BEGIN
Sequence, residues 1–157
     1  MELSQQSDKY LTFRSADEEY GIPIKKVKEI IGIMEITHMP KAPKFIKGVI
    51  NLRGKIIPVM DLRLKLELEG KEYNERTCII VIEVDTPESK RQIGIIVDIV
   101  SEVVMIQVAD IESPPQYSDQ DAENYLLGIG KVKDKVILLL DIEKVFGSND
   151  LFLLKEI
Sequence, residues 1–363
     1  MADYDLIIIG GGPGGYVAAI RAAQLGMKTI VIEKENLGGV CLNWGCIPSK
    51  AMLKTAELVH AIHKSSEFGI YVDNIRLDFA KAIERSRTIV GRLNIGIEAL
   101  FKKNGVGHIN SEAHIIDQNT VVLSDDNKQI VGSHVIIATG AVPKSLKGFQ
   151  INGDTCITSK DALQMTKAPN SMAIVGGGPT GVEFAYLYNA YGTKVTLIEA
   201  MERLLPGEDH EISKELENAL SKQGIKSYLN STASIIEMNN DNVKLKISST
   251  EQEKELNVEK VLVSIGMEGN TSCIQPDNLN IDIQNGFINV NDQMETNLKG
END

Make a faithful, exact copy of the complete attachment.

Sequence, residues 1–157
     1  MELSQQSDKY LTFRSADEEY GIPIKKVKEI IGIMEITHMP KAPKFIKGVI
    51  NLRGKIIPVM DLRLKLELEG KEYNERTCII VIEVDTPESK RQIGIIVDIV
   101  SEVVMIQVAD IESPPQYSDQ DAENYLLGIG KVKDKVILLL DIEKVFGSND
   151  LFLLKEI
Sequence, residues 1–363
     1  MADYDLIIIG GGPGGYVAAI RAAQLGMKTI VIEKENLGGV CLNWGCIPSK
    51  AMLKTAELVH AIHKSSEFGI YVDNIRLDFA KAIERSRTIV GRLNIGIEAL
   101  FKKNGVGHIN SEAHIIDQNT VVLSDDNKQI VGSHVIIATG AVPKSLKGFQ
   151  INGDTCITSK DALQMTKAPN SMAIVGGGPT GVEFAYLYNA YGTKVTLIEA
   201  MERLLPGEDH EISKELENAL SKQGIKSYLN STASIIEMNN DNVKLKISST
   251  EQEKELNVEK VLVSIGMEGN TSCIQPDNLN IDIQNGFINV NDQMETNLKG